Thank you, Jeff. We are very happy we are able to bring these financial results to the table today. And as we reported, GAAP earnings of 14.9% after tax, non-GAAP of 16.9% after tax and when we look back historically prior to stock option expensing, the effective after-tax return would be upwards of 17.2%. So we are very pleased with those results.

In addition, we are also happy to report that through the history of our stock option buyback, we bought back approximately 1.75 million [ph], all in, at an average price of about $25.32 and as of today, we are above water on that investment, which also makes us very, very pleased.

Since we last talked at our mid-quarter update on March 10th, the environment has actually gotten incrementally better. The end markets for electronics remain very strong and has been confirmed by third-party forecasters, it's been driven largely by PC unit growth, which is now topping 20% as the corporate refresh cycle continues to gain momentum.

Now, I'd like to also add that a lot of this PC refresh cycle is really utilizing 64-bit machines, which again builds strongly into the growth potential for our business as we believe DRAM demand will continue to grow. This PC growth is augmented by solid growth in mobile phone market and smartphones in particular, which are forecasted to see a nearly 50% growth year-over-year.

In addition, iPads have had a great start out of the gate and both consumers and industrial electronics are poised for growth as the global economy continues to improve. We also discussed in our mid-quarter update on March 10th the third-party forecasted semiconductor revenues. They have increased to 20% from 13.5% as a result of this robust PC refresh cycle in the industrial sector recovery. Now, we believe there is potential upside to this forecast, driven by strength in all three segments, IDMs, memory, and foundry.

Utilization levels are averaging around 93% in Q1. That's approximately 5 points higher than the normal seasonal levels. We've seen DRAM contract prices up 16% sequentially in Q1 and up another 10% in Q2 so far. On the NAND side of the equation, NAND prices, they are down 6% sequentially, which actually reflects normal seasonality. But they are up 5% so far in the second quarter. So we find that to be very encouraging.

Foundry revenues were above normal seasonal levels and that's largely due to the strength in communications. For our semiconductor equipment business, we had increased our forecast CapEx for the industry to be in a growth range of 65% to 85% at our mid-quarter update and our confidence level on this revised range continues to increase as we start to see the recovery in the NAND flash materialize.

Now, I'll provide guidance for the second quarter. We expect bookings to be flat to up 15% and that is dependent upon the timing of certain sizeable orders. Second quarter [ph] shipments are forecasted to be up sequentially and range from $300 million to $330 million. And our revenue is forecasted to be up sequentially in the range of $285 million to $315 million. Our gross margins are forecasted to improve in the range of 48% to 50% and the earnings per share is forecasted to be in the range of $0.50 to $0.60.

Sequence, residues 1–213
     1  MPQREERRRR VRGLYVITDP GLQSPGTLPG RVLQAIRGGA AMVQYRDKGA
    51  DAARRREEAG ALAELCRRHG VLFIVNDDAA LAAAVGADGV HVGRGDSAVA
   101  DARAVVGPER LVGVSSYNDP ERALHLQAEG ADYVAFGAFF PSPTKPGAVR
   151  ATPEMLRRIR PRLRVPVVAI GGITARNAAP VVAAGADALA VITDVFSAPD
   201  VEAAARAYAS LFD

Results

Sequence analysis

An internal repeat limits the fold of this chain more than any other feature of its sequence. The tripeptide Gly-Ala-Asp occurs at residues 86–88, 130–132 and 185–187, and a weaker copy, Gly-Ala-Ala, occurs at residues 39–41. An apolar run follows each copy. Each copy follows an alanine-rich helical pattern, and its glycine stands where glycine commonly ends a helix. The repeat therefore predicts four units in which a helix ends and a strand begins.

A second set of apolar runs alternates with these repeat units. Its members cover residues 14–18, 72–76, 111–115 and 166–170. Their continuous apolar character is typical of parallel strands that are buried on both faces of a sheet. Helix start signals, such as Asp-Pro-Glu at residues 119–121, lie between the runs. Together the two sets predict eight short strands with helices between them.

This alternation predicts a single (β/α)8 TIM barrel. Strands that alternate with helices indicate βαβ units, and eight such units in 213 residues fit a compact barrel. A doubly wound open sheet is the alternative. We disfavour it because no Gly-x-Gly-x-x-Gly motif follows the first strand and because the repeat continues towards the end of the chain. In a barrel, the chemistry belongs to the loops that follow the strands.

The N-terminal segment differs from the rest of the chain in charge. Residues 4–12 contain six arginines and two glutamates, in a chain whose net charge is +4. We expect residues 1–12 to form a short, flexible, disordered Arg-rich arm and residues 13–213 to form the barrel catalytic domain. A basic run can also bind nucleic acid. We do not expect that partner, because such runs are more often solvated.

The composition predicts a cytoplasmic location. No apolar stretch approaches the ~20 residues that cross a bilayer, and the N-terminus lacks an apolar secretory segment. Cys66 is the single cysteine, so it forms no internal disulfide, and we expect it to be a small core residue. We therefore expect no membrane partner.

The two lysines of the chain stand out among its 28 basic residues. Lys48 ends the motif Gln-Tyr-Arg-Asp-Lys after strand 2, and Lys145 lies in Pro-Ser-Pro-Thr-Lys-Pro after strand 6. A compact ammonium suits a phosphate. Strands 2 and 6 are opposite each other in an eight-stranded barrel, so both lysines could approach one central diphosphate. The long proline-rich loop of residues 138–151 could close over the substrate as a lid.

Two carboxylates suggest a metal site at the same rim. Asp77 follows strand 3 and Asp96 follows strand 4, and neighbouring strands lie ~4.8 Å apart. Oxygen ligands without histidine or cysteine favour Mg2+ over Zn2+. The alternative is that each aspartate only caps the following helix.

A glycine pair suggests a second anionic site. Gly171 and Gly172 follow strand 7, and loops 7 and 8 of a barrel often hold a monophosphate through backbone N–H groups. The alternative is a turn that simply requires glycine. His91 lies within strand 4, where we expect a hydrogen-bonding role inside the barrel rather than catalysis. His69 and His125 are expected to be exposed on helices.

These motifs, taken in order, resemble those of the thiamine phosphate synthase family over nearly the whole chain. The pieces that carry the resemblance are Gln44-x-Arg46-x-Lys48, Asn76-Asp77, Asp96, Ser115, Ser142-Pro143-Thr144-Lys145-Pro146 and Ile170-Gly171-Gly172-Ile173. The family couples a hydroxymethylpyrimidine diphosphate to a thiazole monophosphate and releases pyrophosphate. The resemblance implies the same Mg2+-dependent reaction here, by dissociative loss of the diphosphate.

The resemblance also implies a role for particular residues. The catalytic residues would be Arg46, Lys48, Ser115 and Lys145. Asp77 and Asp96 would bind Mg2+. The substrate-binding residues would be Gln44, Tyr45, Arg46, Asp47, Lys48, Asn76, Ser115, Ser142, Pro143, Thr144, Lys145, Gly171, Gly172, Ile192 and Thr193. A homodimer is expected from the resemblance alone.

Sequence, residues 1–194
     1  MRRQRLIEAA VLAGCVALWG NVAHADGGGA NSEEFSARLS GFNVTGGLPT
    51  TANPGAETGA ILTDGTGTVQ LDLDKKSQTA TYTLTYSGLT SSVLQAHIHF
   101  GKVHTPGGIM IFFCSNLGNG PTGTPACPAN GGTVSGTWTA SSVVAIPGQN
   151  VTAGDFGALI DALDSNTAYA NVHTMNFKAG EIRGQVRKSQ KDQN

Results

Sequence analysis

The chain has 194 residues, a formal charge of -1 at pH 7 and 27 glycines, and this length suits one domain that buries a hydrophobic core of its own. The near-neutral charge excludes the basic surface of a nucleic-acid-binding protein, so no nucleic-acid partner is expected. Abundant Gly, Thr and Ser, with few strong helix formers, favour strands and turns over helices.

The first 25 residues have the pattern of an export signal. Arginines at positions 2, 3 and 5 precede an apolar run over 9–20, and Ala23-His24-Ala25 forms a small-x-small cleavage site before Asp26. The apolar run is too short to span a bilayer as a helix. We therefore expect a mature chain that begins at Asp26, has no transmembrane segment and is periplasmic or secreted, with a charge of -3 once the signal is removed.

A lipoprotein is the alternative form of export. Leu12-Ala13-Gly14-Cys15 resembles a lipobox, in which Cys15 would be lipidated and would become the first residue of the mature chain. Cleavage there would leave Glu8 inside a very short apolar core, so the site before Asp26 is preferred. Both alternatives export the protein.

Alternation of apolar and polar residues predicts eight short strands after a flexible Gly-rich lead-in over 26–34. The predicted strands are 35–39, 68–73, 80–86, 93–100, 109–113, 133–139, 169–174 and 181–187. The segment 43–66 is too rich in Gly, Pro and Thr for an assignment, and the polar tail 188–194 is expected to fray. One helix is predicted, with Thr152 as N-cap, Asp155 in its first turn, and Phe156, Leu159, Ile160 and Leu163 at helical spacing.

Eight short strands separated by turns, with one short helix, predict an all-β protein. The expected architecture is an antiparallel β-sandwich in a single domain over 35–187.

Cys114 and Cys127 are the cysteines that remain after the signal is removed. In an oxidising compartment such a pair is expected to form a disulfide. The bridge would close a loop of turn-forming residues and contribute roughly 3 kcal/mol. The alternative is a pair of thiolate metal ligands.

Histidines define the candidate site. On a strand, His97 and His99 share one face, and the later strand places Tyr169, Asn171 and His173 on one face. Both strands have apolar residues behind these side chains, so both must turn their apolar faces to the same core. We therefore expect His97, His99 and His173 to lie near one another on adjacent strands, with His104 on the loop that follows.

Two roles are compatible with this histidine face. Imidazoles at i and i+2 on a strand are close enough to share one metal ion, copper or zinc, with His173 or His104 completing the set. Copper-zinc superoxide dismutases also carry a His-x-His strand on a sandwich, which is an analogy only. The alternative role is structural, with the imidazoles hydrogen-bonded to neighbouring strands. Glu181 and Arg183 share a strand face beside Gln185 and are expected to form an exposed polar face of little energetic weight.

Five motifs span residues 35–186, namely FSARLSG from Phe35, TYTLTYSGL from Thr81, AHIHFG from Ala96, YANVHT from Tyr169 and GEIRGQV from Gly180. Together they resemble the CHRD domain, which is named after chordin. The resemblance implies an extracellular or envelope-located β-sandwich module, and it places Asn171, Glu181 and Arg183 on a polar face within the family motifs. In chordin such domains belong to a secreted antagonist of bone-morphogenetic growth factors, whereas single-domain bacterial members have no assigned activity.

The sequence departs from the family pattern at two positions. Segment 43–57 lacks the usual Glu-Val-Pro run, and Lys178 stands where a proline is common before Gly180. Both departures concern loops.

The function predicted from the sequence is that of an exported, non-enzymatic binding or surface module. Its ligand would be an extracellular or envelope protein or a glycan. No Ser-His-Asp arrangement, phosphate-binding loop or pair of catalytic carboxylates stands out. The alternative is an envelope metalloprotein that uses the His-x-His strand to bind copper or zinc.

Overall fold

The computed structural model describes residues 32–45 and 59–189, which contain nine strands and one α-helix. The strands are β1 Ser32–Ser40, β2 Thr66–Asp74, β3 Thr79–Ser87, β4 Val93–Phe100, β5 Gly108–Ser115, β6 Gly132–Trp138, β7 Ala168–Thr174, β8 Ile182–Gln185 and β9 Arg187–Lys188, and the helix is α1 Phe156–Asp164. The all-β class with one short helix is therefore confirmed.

Now, that concludes my comments and our guidance for the second quarter. Now, I'd like to open it up to any questions you might have.

Question-and-Answer Session

Operator

Thank you. (Operator Instructions) We'll pause for just a moment. We'll go first to Mahesh Sanganeria with RBC Capital Markets.

Mahesh Sanganeria – RBC Capital Markets

Yes, thank you very much. Rick, can you give us some color on your booking in terms of the – for the June quarter bookings? What is changing in terms of segments in foundry, logic, and memory side?

Rick Hill

So from a booking standpoint, we still see strong foundry demand along with strengthening memory demand. But we are seeing a shift from what was largely a technology-driven buy, which I believe the last time we reported was roughly 40% technology, 60% capacity to today; it's 60% capacity and 40% technology. So we have seen it switch.

Mahesh Sanganeria – RBC Capital Markets

Okay. And in terms of – can you give us some update on your market share momentum? Is that on track or anything incremental on that front?

Rick Hill

Well, we believe that our continued improved performance, both on a top line, as well as throughout the P&L is a function of our ability to gain market share and utilize capacity which is allowing us tremendous leverage on the income statement. And we do believe we are gaining market share in multiple segments within the business.

Mahesh Sanganeria – RBC Capital Markets